WT Nursing professor a role model for Hispanic students | KAMR

Canyon, Texas (KAMR/KCIT) – Dr. Priscella Correa is an assistant professor of nursing at West Texas A&M University who hopes to inspire the growing Hispanic student population to further their education.

Dr. Correa was recently named a leadership member of the Texas Association of Chicanos in Higher Ed. She has also been accepted as a member of La Academia de Liderazgo of the Hispanic Association of Colleges and Universities to begin in 2023.

From an early age, Dr. Correa knew she wanted to work in the healthcare field.

“Growing up as a Hispanic, I translated for my parents at doctor’s appointments and that, you know, always interested me, and I saw how much they cared about them,” she said.

So she became a bedside intensive care and recovery nurse and then went on to further her education.

“Education gave me an opportunity that I wouldn’t have had otherwise. Completing my PhD really elevated me to be part of a very specific elite group of Latinos and Hispanics with PhDs, and that in itself opened doors and opportunities for me.

Correa has served on various national committees, dealing with public and community health. She also has the endowed professorship of Baptist Community Services, which allows her to do community service, including the downtown health fair. The fair offers screenings to medically underserved populations.

“If we’re able to screen an individual and get diabetes or high blood pressure, maybe we can educate them and prevent a stroke, or prevent any chronic outcome that, you know, you see in the vulnerable populations or underserved populations,” she said. said.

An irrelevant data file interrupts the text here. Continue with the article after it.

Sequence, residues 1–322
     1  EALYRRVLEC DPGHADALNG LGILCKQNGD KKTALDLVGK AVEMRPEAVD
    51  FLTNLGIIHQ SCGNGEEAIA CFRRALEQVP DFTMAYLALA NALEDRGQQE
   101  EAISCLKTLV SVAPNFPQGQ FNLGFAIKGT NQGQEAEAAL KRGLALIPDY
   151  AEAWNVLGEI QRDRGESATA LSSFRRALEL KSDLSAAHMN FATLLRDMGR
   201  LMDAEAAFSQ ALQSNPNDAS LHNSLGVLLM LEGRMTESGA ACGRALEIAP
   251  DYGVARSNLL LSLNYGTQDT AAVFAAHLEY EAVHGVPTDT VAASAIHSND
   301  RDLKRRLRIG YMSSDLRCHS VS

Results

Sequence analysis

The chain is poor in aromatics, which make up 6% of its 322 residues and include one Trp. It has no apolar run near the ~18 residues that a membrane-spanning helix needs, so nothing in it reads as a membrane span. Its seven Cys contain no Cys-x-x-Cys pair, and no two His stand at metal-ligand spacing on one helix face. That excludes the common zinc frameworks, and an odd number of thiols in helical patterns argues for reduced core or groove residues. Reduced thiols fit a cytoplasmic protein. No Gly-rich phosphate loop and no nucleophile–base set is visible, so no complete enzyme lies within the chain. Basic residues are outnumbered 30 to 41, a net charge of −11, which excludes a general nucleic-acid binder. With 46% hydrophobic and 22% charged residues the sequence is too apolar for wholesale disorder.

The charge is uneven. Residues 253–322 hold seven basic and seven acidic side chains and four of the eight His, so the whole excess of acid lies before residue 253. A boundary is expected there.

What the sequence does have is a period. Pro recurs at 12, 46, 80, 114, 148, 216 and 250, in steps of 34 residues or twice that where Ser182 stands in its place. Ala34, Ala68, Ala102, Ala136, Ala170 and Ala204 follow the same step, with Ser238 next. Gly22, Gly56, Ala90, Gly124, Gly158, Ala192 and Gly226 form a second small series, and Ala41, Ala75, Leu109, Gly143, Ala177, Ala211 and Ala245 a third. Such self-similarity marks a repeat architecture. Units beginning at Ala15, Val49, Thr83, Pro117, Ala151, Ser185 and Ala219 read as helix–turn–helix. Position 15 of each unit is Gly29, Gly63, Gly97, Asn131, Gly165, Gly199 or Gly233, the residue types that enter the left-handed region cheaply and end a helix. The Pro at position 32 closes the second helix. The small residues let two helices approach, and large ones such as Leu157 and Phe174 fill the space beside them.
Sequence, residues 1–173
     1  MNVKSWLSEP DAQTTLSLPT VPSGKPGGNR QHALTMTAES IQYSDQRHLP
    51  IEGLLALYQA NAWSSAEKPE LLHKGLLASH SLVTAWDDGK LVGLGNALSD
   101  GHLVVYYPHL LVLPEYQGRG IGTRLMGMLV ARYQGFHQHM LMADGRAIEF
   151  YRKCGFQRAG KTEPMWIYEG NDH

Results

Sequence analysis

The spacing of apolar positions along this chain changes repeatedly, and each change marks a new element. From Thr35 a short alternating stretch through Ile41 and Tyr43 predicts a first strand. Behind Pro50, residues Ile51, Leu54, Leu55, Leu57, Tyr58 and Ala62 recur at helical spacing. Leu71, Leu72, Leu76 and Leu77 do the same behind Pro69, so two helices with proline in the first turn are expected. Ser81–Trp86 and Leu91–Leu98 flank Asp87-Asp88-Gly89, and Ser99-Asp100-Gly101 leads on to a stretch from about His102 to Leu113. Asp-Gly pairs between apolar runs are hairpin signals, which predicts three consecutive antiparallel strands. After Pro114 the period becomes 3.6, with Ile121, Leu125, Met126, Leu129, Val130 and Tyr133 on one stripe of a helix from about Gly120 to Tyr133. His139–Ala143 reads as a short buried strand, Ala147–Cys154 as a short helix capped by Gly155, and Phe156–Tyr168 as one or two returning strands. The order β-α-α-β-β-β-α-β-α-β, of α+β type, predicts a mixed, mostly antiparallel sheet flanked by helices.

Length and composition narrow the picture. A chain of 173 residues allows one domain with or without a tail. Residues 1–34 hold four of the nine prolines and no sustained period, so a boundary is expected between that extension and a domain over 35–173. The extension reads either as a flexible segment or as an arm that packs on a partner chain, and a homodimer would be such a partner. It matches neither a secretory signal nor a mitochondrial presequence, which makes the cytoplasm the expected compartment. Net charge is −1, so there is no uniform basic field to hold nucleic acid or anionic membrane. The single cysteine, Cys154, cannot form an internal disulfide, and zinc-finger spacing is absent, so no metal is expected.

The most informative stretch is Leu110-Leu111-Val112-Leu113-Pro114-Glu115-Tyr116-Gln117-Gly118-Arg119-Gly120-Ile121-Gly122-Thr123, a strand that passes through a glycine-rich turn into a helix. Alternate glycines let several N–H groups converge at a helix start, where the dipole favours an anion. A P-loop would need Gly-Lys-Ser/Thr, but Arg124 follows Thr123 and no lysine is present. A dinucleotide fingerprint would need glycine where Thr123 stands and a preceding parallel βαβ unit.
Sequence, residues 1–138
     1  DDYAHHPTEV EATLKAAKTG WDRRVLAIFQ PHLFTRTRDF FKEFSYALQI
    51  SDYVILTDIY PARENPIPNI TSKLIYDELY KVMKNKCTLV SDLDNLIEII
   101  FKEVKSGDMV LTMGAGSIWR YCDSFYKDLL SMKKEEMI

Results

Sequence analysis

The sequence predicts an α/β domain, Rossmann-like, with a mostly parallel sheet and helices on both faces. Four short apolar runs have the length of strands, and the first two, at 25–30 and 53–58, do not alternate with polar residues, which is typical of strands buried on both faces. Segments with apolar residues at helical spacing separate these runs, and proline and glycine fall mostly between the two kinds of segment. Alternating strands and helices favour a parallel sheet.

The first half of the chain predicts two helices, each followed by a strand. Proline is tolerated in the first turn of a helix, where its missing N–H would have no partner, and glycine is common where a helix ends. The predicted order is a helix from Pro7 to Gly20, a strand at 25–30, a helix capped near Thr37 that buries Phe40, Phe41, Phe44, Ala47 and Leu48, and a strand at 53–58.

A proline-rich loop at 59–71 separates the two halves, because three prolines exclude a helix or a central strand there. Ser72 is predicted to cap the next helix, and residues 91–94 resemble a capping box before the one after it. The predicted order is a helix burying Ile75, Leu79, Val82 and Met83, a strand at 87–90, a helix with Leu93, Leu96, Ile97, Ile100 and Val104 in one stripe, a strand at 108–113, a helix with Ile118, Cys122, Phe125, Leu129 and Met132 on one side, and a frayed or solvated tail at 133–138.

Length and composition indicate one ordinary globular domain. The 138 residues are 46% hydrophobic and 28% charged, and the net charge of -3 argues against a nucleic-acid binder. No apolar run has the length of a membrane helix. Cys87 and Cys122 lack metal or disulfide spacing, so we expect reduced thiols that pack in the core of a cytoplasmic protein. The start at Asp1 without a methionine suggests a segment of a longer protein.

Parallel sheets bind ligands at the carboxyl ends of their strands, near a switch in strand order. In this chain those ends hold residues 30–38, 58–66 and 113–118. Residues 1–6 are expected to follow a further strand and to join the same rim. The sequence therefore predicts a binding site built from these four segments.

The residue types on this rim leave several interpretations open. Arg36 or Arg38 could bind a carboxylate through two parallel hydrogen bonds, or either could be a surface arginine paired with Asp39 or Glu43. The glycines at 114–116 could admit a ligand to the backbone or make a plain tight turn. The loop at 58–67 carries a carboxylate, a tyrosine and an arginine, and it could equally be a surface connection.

Correa said that through outreach and education, she has the ability to bring about change in the community and with students. She said that as demographics change in the United States, the population of Hispanic students at WT increases.

“It’s important for them to be able to see individuals who look like them having achieved the goal of obtaining a doctorate. They are able to, you know, look at me and be encouraged to do so,” she added. “I think sometimes being able to see key people who look up to you and cheer you on is really helpful and really paved the way for me.”

She believes her accomplishments are possible because of her training and the people who came before her and paved the way.

“What I love to convey to my students is my diverse perspective, ranging from my background to how we can improve health disparities, how we can look at health inequalities, and how we may, as a health profession, be able to move towards a more equitable system to provide care to all who need it.

In addition to the committees she sits on, Dr. Correa is also involved with several community groups, including Los Barrios de Amarillo and Project Safe Neighborhood.

Rebecca R. Santistevan